Hanson plays with an incredible motor, even if he lacks the desired size to compete against linemen one on one, but the Packers' zone system should be able to hide some of those deficiencies. He has strong hands and a sticky grip (which I'm sure will make our division rivals happy), and he works well with guards in double teams. He still needs some fine tuning with his snap placement as he can occasionally misfire out of the shotgun. But as a developmental 6th rounder, Hanson can continue working on those techniques while learning behind one of the best technicians in the game. Not to mention he can use this valuable time on the scout team practicing with Jordan Love. Should the time come when both players are ready to start, they would have already developed a rapport thanks to their time on the practice field together.
With the selection of Simon Stepaniak, the Packers believe they got a player who could have been selected as early as the 4th round had he not tragically torn his ACL last December. Stepaniak is the opposite of Runyan and Hanson - he is a tough-nosed mauler in the run game who likes to pick fights and look for people to punish. He played RG at Indiana, and it is likely with his 32" arms that he may be limited to play interior OL as a pro. His 37 reps (!!!) on the bench press in Indianapolis frequently showed up on tape where he routinely manhandled defenders in one-on-ones and would flatten other guys out on double teams. (The fact he could even do 37 reps while recovering from his surgery is astounding.)
His main issues will be dealing with poor agility when matched up against quicker speed rushers, where relying on his upper body strength alone won't be enough. Despite his athletic shortcomings, Stepaniak allowed a pressure on only 3.3% of passing plays per PFF. With some fine tuning of his game, there is potential that Stepaniak could become the top OL of the three the Packers selected in round 6.
Stepaniak resembles a guard in a power running scheme from 1993, who would rather be out hunting for defenders than settling back and waiting for them to come to him. In a way, this could be a pick for the future direction of the offense, especially after the Packers selected AJ Dillon and Josiah Deguara earlier. This shows a subtle shift in the offense away from 5 WR shotgun formations and hinting more towards pounding the rock to punish the new mold of smallefaster defenses. It makes sense that they would take a gamble on Stepaniak late this year. Even though he may wind up on the PUP/IR list, the Packers liked his talent this late in day 3.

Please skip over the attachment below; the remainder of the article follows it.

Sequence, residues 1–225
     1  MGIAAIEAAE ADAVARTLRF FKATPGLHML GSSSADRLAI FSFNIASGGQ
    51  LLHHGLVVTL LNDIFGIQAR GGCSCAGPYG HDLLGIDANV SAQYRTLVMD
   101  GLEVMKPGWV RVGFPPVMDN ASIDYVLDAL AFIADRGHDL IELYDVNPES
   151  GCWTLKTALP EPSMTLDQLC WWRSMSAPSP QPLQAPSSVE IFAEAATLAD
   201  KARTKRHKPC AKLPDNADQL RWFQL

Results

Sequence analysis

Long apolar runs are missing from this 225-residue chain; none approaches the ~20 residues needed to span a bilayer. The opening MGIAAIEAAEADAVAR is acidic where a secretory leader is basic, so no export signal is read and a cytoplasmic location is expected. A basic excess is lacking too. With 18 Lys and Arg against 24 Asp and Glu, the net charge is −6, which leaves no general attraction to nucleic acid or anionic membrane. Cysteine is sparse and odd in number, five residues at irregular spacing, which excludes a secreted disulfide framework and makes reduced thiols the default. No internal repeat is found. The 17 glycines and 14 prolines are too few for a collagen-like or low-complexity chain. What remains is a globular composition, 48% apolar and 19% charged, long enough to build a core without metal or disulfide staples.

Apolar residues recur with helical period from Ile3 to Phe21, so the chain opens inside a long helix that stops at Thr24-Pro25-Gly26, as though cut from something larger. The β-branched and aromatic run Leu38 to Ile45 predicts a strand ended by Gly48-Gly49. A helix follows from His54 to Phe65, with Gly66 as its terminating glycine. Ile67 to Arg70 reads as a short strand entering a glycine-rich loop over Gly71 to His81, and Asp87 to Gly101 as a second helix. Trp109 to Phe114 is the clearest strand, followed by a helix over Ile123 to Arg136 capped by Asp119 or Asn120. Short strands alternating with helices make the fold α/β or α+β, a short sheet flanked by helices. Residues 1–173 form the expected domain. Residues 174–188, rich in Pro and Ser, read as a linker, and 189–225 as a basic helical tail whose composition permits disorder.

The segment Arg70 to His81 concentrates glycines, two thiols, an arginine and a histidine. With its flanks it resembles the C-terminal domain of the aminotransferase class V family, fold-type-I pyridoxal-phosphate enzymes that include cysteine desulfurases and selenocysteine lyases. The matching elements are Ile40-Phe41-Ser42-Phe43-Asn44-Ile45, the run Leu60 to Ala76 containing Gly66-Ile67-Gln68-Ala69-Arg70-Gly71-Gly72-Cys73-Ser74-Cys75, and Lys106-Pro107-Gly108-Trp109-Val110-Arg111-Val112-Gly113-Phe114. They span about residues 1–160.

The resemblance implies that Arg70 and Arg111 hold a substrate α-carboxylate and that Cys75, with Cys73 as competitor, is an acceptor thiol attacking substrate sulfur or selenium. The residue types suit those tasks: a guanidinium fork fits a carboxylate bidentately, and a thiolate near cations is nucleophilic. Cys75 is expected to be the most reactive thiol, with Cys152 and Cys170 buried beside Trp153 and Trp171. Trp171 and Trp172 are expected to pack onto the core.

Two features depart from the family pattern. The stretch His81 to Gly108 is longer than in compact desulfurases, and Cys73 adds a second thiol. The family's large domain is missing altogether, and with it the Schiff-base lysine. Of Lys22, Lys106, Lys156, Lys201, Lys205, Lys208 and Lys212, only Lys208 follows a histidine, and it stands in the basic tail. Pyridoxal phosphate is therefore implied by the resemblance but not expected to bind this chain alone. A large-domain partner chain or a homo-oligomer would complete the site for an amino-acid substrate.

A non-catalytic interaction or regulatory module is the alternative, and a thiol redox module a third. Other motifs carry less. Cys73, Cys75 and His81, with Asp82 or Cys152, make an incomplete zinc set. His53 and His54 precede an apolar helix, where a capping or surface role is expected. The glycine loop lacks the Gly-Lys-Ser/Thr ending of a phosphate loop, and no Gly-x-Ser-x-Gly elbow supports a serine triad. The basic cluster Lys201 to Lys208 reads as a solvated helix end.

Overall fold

7a (236) - VERNON SCOTT (S - TCU)
*pick acquired from Browns for OG Justin McCray and #244
Who the hell is Vernon Scott?
He was only Dane Brugler's 61st ranked safety out of 62 in the 2020 draft, of course! But really, this is a name that most people just shrugged their shoulders to and probably overlooked. Let me now be the one to introduce you to him. Vernon Scott is a player that is all about two things: versatility and upside.
At 6'2 and 206 lbs, he has the prototype size you are looking for in a modern defensive back. He wasn't invited to the combine, and his pro day was canceled hence why he was invisible to the draft community. His athletic testing will unfortunately remain a mystery, but the Packers estimated he ran a 4.40, which would be outstanding for a player at his size.
Scott was a one year starter at TCU who lined up all over the secondary. He was primarily a key contributor on special teams for all 4 years before taking over as a starter this past season. While Texas WR Devin Duvernay made him look silly in 2019 (seriously, don't watch the tape), Vernon Scott really started to come on towards the end of the year. In the last three games of the season he had 4 total takeaways, a sack, and a TD. He had a particularly strong game against Oklahoma where he made 7 tackles, a fumble recovery, and a 98 yard INT for a TD. He would finish the year with 44 tackles (4th on the team) and 7 PBU's (ranked 3rd).